Outside the Big Two: Cricket in Africa

Cricket
Outside the Big Two: Cricket in Africa
Graham on African talent in cricket

South Africa is one of the heavy-weight teams in world cricket:  it played its first Test match in 1889, and is ranked second in the world in Test cricket.   Zimbabwe is also a test-playing country, but more of a middle-weight with 107 matches and twelve wins (against Bangladesh, India and Pakistan, but nobody else).  

What of the rest of Africa?   We are about to find out.  The Under-19 World Cup will be played in South Africa in January and February.   All the Test-playing countries will take part, including the host and Zimbabwe. Places are reserved for qualifiers from the Americas, Europe, Asia, East Asia Pacific and Africa.  

The first round of the qualifying competition was played more than a year ago.   Nine teams took part – Botswana, Eswatini, Rwanda, Sierra Leone and Tanzania in one group, Ghana, Lesotho, Mozambique and Nigeria in the other. When every team in the group had played each other, the top two teams in each group moved on to the semi-finals. Nigeria beat Tanzania and Sierra Leone beat Mozambique in the semi-finals; Nigeria won the final, while Tanzania defeated Mozambique for third place.  

The top three teams went through to the second round of qualifying, and were joined by Kenya, Namibia and Uganda.   After each team had played each other, Nigeria topped the table: two rounds of qualifying, ten matches played, ten wins!   Nigeria qualified for the tournament in South Africa.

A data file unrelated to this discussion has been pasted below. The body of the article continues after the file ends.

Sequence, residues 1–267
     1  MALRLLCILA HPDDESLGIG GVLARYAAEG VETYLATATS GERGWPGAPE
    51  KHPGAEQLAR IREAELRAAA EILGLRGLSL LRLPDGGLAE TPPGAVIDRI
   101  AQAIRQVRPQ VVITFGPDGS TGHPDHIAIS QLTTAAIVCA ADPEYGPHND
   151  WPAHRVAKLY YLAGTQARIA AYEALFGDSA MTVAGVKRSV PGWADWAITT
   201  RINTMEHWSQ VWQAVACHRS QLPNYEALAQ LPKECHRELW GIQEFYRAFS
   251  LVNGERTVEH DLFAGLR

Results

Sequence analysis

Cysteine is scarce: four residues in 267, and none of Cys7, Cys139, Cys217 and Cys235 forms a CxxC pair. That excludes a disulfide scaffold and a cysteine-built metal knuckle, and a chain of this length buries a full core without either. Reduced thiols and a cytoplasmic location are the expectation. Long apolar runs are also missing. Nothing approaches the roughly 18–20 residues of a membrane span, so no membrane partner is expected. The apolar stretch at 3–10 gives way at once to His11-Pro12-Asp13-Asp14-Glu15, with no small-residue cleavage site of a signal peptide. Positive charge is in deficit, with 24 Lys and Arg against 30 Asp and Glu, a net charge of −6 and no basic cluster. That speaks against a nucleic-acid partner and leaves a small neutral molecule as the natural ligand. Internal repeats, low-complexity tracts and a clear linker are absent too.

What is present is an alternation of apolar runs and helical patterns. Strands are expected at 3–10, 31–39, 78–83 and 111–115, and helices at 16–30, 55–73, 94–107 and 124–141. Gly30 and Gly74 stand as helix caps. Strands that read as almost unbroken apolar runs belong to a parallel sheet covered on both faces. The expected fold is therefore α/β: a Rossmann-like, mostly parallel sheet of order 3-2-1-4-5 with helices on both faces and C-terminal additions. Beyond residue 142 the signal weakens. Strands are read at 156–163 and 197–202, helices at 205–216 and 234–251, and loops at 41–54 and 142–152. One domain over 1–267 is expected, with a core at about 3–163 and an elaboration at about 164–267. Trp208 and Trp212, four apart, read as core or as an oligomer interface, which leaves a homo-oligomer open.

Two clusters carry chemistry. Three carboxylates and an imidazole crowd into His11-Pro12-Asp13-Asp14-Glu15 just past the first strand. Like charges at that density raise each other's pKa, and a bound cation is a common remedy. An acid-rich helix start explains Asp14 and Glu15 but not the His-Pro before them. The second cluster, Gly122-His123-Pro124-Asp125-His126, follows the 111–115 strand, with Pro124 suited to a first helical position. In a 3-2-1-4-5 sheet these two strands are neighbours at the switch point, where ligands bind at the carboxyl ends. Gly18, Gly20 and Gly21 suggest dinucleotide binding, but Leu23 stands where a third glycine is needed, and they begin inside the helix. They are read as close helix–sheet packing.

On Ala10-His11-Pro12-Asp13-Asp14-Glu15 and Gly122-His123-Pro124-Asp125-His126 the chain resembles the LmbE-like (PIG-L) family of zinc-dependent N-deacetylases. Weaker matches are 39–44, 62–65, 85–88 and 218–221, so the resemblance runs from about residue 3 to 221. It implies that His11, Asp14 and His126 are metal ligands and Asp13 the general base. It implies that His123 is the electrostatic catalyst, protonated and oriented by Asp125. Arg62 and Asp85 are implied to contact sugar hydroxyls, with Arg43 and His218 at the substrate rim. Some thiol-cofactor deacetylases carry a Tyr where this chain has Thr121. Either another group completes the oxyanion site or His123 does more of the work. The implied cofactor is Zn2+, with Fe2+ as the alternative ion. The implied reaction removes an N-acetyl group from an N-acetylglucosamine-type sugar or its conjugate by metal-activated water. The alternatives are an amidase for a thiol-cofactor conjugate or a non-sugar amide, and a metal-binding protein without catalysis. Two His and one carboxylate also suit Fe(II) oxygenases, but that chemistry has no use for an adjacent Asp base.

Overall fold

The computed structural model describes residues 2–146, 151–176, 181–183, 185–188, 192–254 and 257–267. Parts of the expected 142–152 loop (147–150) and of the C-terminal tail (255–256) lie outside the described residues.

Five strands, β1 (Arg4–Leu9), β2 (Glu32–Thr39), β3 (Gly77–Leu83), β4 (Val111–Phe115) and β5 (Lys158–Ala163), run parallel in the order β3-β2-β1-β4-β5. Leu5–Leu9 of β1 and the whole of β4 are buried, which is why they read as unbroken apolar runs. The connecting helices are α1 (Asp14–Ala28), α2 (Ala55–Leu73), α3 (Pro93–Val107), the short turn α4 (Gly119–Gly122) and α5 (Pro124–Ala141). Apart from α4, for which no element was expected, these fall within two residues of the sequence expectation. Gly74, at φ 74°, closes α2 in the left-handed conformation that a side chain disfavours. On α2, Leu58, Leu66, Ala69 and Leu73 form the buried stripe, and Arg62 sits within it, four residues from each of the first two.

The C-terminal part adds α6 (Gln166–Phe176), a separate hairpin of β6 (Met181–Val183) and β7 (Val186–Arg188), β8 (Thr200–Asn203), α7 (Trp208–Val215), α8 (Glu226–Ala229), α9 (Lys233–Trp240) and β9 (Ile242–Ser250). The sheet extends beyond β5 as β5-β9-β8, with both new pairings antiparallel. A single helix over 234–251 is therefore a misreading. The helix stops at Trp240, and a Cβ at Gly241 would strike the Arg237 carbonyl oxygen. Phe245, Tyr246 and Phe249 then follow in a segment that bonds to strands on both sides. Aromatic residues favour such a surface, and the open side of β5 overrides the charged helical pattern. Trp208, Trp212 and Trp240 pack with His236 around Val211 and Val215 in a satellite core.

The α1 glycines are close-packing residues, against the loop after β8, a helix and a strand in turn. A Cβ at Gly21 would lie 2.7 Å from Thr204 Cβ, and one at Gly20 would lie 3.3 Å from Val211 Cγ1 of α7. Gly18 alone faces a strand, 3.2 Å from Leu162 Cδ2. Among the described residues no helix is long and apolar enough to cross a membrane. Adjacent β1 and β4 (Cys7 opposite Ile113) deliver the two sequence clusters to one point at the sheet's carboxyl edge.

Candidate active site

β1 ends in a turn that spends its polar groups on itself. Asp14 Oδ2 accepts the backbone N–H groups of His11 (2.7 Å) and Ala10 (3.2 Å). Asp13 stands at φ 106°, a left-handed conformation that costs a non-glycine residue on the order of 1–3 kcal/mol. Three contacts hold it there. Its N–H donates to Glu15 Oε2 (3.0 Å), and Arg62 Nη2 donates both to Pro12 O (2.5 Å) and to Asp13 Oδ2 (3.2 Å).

They will play Australia on 20th January, the West Indies on the 23rd January and England on the 25th, all in Kimberley. Each match will be 50 overs per side, and – weather permitting – will only take a day.   With the other teams in their group being established Test-playing countries, it is (I’m sorry to say) difficult to see Nigeria finishing 1st or 2nd in the group and advancing to the Super League quarter-finals.  

It is most likely that they will finish 3rd or 4th, but that won’t be the end.   The bottom two teams in each group will go forward to the Plate quarter-finals and then to placement matches, so that every team is ranked in order.  Whatever happens in South Africa, the Nigeria Under-19 cricket team gives the country hope for future tournaments and for the men’s team in a few years’ time.  (England v Nigeria at Lords?)  Their country should be proud of them.